“There are many challenges. Large fish such as dolphin, kingfish and tuna are being affected,” she said. “With the warming of sea water, the natural range of the fish becomes extended and they are able to move away; they are moving northward.”

For the past two years, the fishers’ problems have been exacerbated by the proliferation of an invasive species, lion fish, in Caribbean waters. Saint Lucia, Barbados and the Bahamas have eradication programmes in place.

“Sometimes we realise that our fish pots are filled, only to raise them and discover that out of 100 pounds of fish, the lion fish makes up 70-80 pounds. People are afraid of that fish and it is taking over our waters. Soon, we will not have any other fish left,” said Jeannette Francis, a fisherman unrelated to John Francis.

Despite regional efforts to encourage Caribbean people to view lion fish as a food, fishermen say it is a hard sell to those who have preferred tuna, dolphin and shellfish for decades.

According to data provided by the CRFM, the fisheries sector provides direct employment for 338,000 people in the region, generating $251 million in revenue annually.

Those involved in fishing in Saint Lucia are cautiously optimistic that the new policy will produce results – but some say they need to wait and see.

“We have had it with the talk. We just want action. We want to see people who can make things better actually do that for us,” said Margaret Jn Baptiste, 56, who has been fishing since she was 16.

“I believe it is always good when countries in the Caribbean come together to deal with a situation, but there is too much talk. We want to see the difference. They do not understand that our lives depend on this.”

Credit: Reuters News

Belize Fights to Save a Crucial Barrier Reef

The humble CREWS buoy hosts several instruments designed to measure conditions above and below the water, and keep track of these developing threats. Credit: Aaron Humes/IPS

The humble CREWS buoy hosts several instruments designed to measure conditions above and below the water, and keep track of these developing threats. Credit: Aaron Humes/IPS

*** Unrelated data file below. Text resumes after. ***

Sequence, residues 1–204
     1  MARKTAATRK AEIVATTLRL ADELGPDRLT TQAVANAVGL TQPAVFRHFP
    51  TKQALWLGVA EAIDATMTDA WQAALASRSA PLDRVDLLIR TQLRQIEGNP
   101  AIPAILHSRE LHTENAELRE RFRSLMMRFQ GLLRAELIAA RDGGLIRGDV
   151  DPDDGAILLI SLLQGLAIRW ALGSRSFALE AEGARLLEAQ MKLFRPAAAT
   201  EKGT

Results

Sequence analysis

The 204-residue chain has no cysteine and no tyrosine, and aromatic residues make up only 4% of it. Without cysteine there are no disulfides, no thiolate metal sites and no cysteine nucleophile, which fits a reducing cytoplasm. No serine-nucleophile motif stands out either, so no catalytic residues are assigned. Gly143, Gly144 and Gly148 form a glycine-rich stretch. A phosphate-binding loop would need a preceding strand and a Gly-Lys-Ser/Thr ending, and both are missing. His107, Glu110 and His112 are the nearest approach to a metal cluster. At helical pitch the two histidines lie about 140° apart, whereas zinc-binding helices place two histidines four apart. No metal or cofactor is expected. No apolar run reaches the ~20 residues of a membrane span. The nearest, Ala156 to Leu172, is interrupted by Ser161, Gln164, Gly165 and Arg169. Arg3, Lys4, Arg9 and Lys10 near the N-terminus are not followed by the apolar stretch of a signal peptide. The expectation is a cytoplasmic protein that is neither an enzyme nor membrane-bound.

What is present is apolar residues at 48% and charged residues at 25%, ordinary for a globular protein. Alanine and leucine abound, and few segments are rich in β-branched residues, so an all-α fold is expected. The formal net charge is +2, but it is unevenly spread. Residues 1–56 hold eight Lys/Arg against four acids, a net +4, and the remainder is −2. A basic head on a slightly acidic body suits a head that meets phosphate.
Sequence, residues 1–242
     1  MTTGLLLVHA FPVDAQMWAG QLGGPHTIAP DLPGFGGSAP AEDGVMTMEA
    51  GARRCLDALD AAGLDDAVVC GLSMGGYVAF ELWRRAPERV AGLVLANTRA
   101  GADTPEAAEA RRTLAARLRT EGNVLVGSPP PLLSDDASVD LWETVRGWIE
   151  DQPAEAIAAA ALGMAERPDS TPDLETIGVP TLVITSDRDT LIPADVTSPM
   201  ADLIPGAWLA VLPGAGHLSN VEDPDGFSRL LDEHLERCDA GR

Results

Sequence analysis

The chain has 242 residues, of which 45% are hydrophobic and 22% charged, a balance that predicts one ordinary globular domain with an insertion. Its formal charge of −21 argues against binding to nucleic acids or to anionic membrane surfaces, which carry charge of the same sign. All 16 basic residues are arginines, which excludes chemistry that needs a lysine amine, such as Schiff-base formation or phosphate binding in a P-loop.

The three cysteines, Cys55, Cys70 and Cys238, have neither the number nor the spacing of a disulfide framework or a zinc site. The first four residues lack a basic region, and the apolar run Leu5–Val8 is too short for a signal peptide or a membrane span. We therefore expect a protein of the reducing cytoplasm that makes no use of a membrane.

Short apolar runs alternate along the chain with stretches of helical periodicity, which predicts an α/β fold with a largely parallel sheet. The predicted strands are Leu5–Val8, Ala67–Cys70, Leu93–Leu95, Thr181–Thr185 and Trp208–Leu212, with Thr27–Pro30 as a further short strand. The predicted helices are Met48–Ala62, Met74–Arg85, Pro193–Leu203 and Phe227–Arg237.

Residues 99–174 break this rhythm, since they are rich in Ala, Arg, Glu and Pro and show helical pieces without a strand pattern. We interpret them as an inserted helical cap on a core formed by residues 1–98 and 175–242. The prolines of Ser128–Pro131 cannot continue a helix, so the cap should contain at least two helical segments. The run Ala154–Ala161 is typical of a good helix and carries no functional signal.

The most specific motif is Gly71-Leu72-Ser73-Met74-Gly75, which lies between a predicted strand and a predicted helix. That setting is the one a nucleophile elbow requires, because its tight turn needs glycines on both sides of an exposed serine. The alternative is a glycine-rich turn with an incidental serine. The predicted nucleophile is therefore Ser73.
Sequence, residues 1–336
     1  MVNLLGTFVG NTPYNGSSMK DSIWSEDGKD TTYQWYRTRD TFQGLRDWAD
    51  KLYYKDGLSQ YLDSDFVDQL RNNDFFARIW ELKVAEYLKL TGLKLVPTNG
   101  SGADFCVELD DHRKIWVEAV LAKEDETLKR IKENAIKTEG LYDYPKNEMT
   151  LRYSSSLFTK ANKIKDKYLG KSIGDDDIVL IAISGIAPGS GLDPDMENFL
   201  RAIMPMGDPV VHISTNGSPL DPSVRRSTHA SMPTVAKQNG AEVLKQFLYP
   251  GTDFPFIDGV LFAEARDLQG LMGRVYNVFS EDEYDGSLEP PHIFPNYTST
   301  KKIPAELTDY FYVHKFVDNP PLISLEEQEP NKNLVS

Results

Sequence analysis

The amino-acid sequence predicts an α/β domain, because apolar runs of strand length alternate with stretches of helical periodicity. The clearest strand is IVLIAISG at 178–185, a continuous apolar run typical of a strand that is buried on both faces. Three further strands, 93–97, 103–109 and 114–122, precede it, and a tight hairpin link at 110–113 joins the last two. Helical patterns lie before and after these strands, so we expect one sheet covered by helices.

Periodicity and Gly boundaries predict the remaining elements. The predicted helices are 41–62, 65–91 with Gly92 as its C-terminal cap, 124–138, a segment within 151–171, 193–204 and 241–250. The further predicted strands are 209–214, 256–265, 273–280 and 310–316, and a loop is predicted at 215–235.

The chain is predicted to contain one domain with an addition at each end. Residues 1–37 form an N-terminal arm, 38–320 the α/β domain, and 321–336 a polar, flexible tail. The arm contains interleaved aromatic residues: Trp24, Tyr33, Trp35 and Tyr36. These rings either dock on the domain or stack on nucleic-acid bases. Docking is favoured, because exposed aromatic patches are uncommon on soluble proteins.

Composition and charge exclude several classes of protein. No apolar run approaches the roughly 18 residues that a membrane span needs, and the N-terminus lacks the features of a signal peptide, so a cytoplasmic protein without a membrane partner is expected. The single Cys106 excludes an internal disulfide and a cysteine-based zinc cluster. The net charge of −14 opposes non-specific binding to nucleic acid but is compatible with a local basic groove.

Home to the second longest barrier reef in the world and the largest in the Western Hemisphere, which provides jobs in fishing, tourism and other industries which feed the lifeblood of the economy, Belize has long been acutely aware of the need to protect its marine resources from both human and natural activities.

However, there has been a recent decline in the production and export of marine products including conch, lobster, and fish, even as tourism figures continue to increase.

“What happens on the land will eventually reach the sea, via our rivers.” — Dr. Kenrick Leslie

The decline is not helped by overfishing and the harvest of immature conch and lobster outside of the standard fishing season. But the primary reason for less conch and lobster in Belize’s waters, according to local experts, is excess ocean acidity which is making it difficult for popular crustacean species such as conch and lobster, which depend on their hard, spiny shells to survive, to grow and mature.

According to the executive director of the Caribbean Community Climate Change Center (CCCCC), Dr. Kenrick Leslie, acidification is as important and as detrimental to the sustainability of the Barrier Reef and the ocean generally as warming of the atmosphere and other factors generally associated with climate change.

Carbon dioxide which is emitted in the atmosphere from greenhouse gases is absorbed into the ocean as carbonic acid, which interacts with the calcium present in the shells of conch and lobster to form calcium carbonate, dissolving those shells and reducing their numbers. Belize also faces continuous difficulties with coral bleaching, which has attacked several key sections of the reef in recent years.

Dr. Leslie told IPS that activities on Belize’s terrestrial land mass are also contributing to the problems under Belize’s waters. “What happens on the land will eventually reach the sea, via our rivers,” he noted.